SAN FRANCISCO (AP) — A powerful storm barreled toward Southern California after flooding highways, toppling trees, cutting power to 380,000 utility customers and causing mudflows in areas burned bare by recent fires across the northern part of the state.
According to CBS News, meteorologists are calling it a "bomb cyclone" where at least 24 MB in pressure is dropped by a system in a span of 24 hours or less.
Drenching showers and strong winds accompanied the arrival of an atmospheric river.
That's a long and wide plume of moisture pulled in from the Pacific Ocean.
Flooding was reported across the San Francisco Bay Area.
According to PowerOutage.US, more than 99,000 residents are without power in California.
Authorities closed State Route 70 in Butte County because of mudslides within the massive Dixie Fire burn scar.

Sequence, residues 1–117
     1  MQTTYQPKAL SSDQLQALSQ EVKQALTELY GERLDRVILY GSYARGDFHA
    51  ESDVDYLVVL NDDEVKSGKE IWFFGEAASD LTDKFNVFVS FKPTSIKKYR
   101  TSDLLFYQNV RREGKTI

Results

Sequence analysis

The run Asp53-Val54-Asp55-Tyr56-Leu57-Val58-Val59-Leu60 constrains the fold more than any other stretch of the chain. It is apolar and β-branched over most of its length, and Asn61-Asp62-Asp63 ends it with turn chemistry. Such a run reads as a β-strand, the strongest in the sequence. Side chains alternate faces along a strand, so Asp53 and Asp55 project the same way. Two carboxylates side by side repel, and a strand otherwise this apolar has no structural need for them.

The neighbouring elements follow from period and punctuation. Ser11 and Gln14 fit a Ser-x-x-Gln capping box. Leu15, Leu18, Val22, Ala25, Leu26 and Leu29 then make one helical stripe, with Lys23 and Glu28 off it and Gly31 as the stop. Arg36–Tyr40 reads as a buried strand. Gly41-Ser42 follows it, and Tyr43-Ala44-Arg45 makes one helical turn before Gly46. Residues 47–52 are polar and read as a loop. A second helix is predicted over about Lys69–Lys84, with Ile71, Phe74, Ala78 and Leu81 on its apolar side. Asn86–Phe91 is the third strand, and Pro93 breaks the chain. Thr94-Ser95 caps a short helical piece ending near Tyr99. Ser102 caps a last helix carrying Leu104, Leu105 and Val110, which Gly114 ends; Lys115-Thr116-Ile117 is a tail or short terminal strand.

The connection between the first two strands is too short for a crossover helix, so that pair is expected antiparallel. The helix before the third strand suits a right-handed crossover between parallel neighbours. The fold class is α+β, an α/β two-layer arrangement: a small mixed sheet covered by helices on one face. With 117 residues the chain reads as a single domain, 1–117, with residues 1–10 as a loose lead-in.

The weather service said Sunday was San Francisco's 4th wettest day dating back to the Gold Rush years.
According to CBS News, at least two people were killed in Washington State when a tree fell on a vehicle in King County.
Residents in Northern California saw up to ten inches of rain in just 24 hours, the news outlet reported.
The New York Times reported that a winter weather warning was issued by the National Weather Service on Monday with heavy snow in the Sierra Nevada through Tuesday morning.